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TITLE
Evening over Glamaig, Broadford
EXTERNAL ID
QZP40_CARD_2373
PLACENAME
Broadford
DISTRICT
Skye
OLD COUNTY/PARISH
INVERNESS: Strath
PERIOD
1910s; 1920s
SOURCE
Highland Libraries
ASSET ID
34280
KEYWORDS
mountains
publisher
Evening over Glamaig, Broadford

The postcard has been titled Evening over Glamarg, rather than Glamaig, but otherwise this view from Broadford on Skye remains much the same. The company which produced the card was started by Raphael Tuck. He arrived in Britain with his family in 1865, from East Prussia and over the next few years, along with three sons, developed a very successful publishing company, leaders in the field of quality publishing, producing greetings cards, calendars and books as well as postcards. Adolph Tuck was one of the chief campaigners for the introduction by the Post Office of a larger format postcard, 5.5ins x 3.3ins, which allowed publishers more space to depict their scenes. By 1904, Tuck and sons had 15,000 postcards in print, but in December 1940 the company's premises in London were destroyed in an air raid and all their records were lost.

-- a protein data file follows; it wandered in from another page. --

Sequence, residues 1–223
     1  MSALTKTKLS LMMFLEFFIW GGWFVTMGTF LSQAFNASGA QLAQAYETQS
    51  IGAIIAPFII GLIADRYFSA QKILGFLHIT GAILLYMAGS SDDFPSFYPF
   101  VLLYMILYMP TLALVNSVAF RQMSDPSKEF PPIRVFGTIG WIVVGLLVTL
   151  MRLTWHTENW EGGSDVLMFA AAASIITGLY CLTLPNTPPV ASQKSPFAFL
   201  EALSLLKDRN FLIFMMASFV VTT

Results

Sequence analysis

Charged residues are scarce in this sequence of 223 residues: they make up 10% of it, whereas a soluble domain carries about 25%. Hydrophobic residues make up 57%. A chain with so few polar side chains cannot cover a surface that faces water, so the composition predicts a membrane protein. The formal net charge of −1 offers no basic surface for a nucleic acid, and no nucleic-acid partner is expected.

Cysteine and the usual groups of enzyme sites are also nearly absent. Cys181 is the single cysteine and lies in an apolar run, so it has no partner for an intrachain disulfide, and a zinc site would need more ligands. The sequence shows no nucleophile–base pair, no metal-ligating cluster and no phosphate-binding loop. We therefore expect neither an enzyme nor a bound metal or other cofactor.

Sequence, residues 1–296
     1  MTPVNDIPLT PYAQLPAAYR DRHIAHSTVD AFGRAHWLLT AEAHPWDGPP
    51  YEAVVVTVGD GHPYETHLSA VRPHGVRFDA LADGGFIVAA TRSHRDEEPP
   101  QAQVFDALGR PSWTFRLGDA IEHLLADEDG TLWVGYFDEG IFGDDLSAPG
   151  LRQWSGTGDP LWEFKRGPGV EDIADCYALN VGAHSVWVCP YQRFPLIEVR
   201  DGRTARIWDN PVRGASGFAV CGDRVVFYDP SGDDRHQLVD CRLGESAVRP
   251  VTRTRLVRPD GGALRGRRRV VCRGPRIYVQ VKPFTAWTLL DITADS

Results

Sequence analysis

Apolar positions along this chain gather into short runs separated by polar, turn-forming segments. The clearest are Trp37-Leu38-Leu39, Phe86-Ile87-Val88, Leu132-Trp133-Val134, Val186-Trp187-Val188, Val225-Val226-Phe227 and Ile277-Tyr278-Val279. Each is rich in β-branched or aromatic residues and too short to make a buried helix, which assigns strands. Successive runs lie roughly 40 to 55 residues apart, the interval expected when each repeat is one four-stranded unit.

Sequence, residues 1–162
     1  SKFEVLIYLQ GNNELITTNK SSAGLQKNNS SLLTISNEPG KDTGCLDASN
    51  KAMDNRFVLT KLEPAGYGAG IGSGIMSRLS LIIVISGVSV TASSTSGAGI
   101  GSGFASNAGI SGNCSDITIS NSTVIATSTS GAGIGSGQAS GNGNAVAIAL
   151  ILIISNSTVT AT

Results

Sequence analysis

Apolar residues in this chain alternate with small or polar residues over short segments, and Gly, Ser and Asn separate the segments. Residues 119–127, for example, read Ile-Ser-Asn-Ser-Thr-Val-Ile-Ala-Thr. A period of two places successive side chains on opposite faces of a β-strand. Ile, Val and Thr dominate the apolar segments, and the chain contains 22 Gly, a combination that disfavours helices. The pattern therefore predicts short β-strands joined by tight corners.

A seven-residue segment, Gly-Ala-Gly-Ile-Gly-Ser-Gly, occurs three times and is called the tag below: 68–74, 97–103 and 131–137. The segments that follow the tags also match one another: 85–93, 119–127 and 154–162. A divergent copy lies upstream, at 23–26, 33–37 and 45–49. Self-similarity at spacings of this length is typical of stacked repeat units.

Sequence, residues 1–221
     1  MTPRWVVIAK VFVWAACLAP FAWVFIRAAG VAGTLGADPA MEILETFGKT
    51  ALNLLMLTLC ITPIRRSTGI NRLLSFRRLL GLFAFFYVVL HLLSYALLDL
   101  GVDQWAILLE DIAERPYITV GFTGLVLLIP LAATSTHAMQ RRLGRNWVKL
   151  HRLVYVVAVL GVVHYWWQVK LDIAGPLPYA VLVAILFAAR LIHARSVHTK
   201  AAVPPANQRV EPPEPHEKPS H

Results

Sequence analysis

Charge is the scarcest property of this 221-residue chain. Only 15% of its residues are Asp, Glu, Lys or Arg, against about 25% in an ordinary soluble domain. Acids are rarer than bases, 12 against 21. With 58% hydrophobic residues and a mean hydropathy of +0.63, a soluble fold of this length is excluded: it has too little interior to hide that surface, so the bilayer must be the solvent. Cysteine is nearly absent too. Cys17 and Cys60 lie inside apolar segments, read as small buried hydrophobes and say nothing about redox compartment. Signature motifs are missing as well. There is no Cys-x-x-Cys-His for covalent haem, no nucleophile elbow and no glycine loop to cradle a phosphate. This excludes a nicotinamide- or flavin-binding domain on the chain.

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High Life Highland is a company limited by guarantee registered in Scotland No. SC407011 and is a registered Scottish charity No. SC042593
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Evening over Glamaig, Broadford

INVERNESS: Strath

1910s; 1920s

mountains; publisher

Highland Libraries

Highland Libraries' Postcard Collection

The postcard has been titled Evening over Glamarg, rather than Glamaig, but otherwise this view from Broadford on Skye remains much the same. The company which produced the card was started by Raphael Tuck. He arrived in Britain with his family in 1865, from East Prussia and over the next few years, along with three sons, developed a very successful publishing company, leaders in the field of quality publishing, producing greetings cards, calendars and books as well as postcards. Adolph Tuck was one of the chief campaigners for the introduction by the Post Office of a larger format postcard, 5.5ins x 3.3ins, which allowed publishers more space to depict their scenes. By 1904, Tuck and sons had 15,000 postcards in print, but in December 1940 the company's premises in London were destroyed in an air raid and all their records were lost.